Essential Android EditText edit forum

Working with EditTexts

The EditText is the standard text entry widget in Android apps. If the user needs to enter text into an app, this is the primary way for them to do that.

EditText

There are many important properties that can be set to customize the behavior of an EditText. Several of these are listed below. Check out the official text fields guide for even more input field details.

Usage

An EditText is added to a layout with all default behaviors with the following XML:

<EditText
    android:id="@+id/et_simple"
    android:layout_height="wrap_content"
    android:layout_width="match_parent">
</EditText>

Note that an EditText is simply a thin extension of the TextView and inherits all of the same properties.

Retrieving the Value

Getting the value of the text entered into an EditText is as follows:

EditText simpleEditText = (EditText) findViewById(R.id.et_simple);
String strValue = simpleEditText.getText().toString();

Further Entry Customization

We might want to limit the entry to a single-line of text (avoid newlines):

<EditText
  android:singleLine="true"
  android:lines="1"
/>

You can limit the characters that can be entered into a field using the digits attribute:

<EditText
  android:inputType="number"
  android:digits="01"
/>

This would restrict the digits entered to just “0” and “1”. We might want to limit the total number of characters with:

<EditText
  android:maxLength="5"
/>

Using these properties we can define the expected input behavior for text fields.

Adjusting Colors

You can adjust the highlight background color of selected text within an EditText with the android:textColorHighlight property:

<EditText
    android:textColorHighlight="#7cff88"
/>

Displaying Placeholder Hints

You may want to set the hint for the EditText control to prompt a user for specific input with:

<EditText
    ...
    android:hint="@string/my_hint">
</EditText>

Hints

Changing the bottom line color

Assuming you are using the AppCompat library, you can override the styles colorControlNormal, colorControlActivated, and colorControlHighlight:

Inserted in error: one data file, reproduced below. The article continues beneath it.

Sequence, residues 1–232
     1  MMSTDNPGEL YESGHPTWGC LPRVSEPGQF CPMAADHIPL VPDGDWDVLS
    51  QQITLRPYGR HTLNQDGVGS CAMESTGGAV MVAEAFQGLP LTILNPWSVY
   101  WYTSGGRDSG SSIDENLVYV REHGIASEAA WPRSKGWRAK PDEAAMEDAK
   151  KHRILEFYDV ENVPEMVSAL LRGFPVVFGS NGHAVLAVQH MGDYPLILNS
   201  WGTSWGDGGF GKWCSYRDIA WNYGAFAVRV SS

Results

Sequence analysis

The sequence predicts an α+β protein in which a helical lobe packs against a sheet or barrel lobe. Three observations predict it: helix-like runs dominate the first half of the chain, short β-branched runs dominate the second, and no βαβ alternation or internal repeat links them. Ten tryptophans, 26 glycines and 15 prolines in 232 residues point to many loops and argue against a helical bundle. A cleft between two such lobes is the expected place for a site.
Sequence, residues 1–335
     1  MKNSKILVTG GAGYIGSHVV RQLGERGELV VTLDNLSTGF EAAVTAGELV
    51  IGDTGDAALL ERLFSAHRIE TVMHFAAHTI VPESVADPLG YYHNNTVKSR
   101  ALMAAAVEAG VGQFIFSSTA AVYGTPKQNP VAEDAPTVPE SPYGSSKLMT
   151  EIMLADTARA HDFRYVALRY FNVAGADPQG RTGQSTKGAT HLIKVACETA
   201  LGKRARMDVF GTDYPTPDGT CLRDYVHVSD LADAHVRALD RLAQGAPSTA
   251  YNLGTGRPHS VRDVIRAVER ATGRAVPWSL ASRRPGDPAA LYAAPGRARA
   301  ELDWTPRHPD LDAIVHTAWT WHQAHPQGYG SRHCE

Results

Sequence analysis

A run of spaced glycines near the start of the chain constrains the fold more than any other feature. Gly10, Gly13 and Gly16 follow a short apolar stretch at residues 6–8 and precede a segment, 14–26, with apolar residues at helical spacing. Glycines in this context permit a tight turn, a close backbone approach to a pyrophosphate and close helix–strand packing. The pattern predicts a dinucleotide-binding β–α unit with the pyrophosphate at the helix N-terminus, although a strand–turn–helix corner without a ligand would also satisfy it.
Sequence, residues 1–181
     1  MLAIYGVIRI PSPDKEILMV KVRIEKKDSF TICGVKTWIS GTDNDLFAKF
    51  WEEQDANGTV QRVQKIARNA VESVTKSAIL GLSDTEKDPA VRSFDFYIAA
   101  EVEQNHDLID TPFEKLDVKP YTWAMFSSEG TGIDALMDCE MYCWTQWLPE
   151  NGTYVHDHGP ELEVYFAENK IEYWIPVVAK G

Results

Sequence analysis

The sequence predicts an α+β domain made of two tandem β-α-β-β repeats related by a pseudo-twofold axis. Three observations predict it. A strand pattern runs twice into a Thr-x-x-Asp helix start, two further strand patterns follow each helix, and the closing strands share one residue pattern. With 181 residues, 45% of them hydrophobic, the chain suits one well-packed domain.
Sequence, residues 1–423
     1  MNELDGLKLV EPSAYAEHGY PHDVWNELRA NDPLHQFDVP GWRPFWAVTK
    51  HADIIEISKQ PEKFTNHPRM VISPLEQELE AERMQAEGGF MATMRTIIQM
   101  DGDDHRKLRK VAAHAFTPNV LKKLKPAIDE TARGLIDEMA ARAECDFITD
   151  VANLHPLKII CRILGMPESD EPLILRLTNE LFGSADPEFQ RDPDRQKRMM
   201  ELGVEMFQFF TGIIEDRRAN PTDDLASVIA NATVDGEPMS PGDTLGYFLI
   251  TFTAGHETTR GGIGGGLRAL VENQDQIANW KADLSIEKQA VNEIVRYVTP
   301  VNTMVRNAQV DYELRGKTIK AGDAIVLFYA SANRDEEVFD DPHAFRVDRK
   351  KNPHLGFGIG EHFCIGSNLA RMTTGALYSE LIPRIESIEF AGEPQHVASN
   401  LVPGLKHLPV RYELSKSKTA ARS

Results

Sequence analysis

<style name="Theme.App.Base" parent="Theme.AppCompat.Light.DarkActionBar">
    <item name="colorControlNormal">#d32f2f</item>
    <item name="colorControlActivated">#ff5722</item>
    <item name="colorControlHighlight">#f44336</item>
</style>

If you do not see these styles applied within a DialogFragment, there is a known bug when using the LayoutInflater passed into the onCreateView() method.

The issue has already been fixed in the AppCompat v23 library. See this guide about how to upgrade. Another temporary workaround is to use the Activity’s layout inflater instead of the one passed into the onCreateView() method:

public View onCreateView(LayoutInflater inflater, ViewGroup container, Bundle savedInstanceState) {
        View view = getActivity().getLayoutInflater().inflate(R.layout.dialog_fragment, container);
  }

Listening for EditText Input

Check out the basic event listeners cliffnotes for a look at how to listen for changes to an EditText and perform an action when those changes occur.

Displaying Floating Label Feedback

Traditionally, the EditText hides the hint message (explained above) after the user starts typing. In addition, any validation error messages had to be managed manually by the developer.

With the TextInputLayout you can setup a floating label to display hints and error messages. You can find more details here.


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